Welcome to the first of my upcoming series in which I’ll be analysing various emails I receive. Seeing what they’re doing well, what they’re doing poorly, and what I would change.
This email analysis will primarily be from a design and code basis, rather than on a strategic level.
We’re going to kick off the series by analysing this email I received from Virgin Trains.
To see the full email, click here.
My first impressions of this email were very positive; I enjoy the colour scheme with the contrast between the reds and whites, the modular email design does a great job at splitting up the content in a readable fashion, and I was very glad to see it also renders well on mobile devices.
Layer by Layer
Now lets break the email down section-by-section.
The header section follows a very regular pattern featuring a logo in the top left and a View in browser link in the top right. It also has a call for the subscriber to add the email adress the email was sent from to their address book, and a bit of a subheader too. It’s a fairly standard section as I mentioned, but it looks good and renders well on mobile devices:
In the introduction section, as I’m calling it, they have used different shades of red to bring the content out and making it clear it’s an introduction. It’s a nice looking section that just features a few sentences to let you know what you’ll get by reading into the email. Once again, it responds nicely on mobile:
Hop to it
The first proper content block of this email, although they all follow similar design styles. It features a large hero image. Although this hero image doesn’t feature anything about trains or destinations, it does feature a typical spring image of lambs which is good choice seeing as the offer is a spring time offer. It then has a clear header which lays out exactly what the offer is. The next bit is a two column split between text describing the offer and a call-to-action.
The CTA ticks all the boxes for me; it’s clear it’s a CTA by the use of colours and the arrow image, it features an action in the words BOOK NOW, and it is created as a HTML element rather than an image. Here’s how it looks with images disabled:
In common with the previous sections, it looks good on mobile devices with everything scaling in and the CTA falling below the text:
Reasons to book online
The next content section follows exactly the same design as the section above, using a fairly ambiguous image followed by a header that describes the offer. Then a two column section with an actioned CTA (Book a ticket) and a bit of extra text describing the offer. Here is how it responds for smaller devices:
This section follows the same design pattern as the two sections above, but this time uses a specific image describing the offer with the header there to add colour. The CTA also features less of an action and more of a description in the words (£50 Virgin Vino Voucher). As all of the previous sections, it works well on smaller screen sizes:
In udder news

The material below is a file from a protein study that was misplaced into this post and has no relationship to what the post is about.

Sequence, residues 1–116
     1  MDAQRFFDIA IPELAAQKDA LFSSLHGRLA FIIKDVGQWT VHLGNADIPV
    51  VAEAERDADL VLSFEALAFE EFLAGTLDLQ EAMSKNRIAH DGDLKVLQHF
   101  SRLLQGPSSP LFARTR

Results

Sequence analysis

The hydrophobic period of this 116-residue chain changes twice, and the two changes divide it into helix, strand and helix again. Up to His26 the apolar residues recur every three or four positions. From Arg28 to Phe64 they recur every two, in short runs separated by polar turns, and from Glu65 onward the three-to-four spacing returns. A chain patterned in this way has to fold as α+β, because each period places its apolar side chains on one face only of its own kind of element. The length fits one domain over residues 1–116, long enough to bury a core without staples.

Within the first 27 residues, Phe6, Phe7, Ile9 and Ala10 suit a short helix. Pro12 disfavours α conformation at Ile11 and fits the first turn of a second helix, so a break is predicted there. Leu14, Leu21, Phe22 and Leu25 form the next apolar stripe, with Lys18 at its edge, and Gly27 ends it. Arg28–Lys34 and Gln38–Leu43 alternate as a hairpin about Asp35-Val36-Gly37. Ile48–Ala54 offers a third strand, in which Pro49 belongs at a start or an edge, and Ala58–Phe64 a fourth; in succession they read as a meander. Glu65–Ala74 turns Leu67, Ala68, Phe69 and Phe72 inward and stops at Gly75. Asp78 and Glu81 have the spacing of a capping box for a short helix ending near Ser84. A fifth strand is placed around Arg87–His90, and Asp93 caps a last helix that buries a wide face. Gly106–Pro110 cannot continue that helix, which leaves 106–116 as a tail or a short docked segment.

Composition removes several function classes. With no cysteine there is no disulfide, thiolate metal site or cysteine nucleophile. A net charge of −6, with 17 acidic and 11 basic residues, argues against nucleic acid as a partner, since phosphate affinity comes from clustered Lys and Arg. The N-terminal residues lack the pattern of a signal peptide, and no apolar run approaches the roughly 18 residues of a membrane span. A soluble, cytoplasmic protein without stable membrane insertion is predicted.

This section, like those above, follows the same design pattern, looks great on mobile devices and continues with the informal and humerous theme:
This section is a little different to the rest rough the use of a grey background and a two column layout. In the left-hand column we have the travel route of the offer. In the right we have the price and the Book Now CTA. This section works very well, in my opinion, because it really breaks away from the rest of the email. It responds nicely too, with the price and CTA falling below the route:
Again, this section uses a different shade of red to bring it out from the rest of the content. It’s a fairly simple section; two social media buttons and a call to action to follow on the platforms and stacking the content nicely with the icons falling below the text when viewed on smaller screens:
How it renders across email clients
Now for the big test for all emails; how it renders across different email clients.
If you would like to see how it renders across all different email clients, you can do so here.
The only two things I picked up on were that in Outlook 2002 and 2003, the content in the main sections sits to the left and has some incorrect spacing;
This is because they’ve coded it in a way they have tables centered inside tables, they just need to force that spacing rather relying on aligns to center the content.
The other thing is that in web clients on Firefox, one of the buttons needs a bit more width to fit all the content in:
Both of these changes are fairly simple.
From a code point of view
Taking a look under the hood, they’ve been thorough with the code. As we have mentioned above, it is mobile responsive so it gets a lot of points in that department.
The only thing I found strange was that for each of the content sections, rather than resizing the images to the width they want them using media queries they replace the images altogether. Resizing them is fairly simple and doing it this way, with multiple images for each section, forces the user to load in two sets of images. Not a major issue but it may slow down loading speeds on slower connections.
They’ve covered all their bases with stuff such as border=”0″ and alt tags. Nice job Virgin!
Overall this is a very cleanly coded email, it renders well across all the major email clients and looks great on all of them. The email itself has a nice, light tone of voice and uses good quality imagery to convey it’s point.
This was a nice email to kick off this series, I very much enjoyed breaking it down.
If you have any opinions about this email, be sure to drop a comment into the comment section below!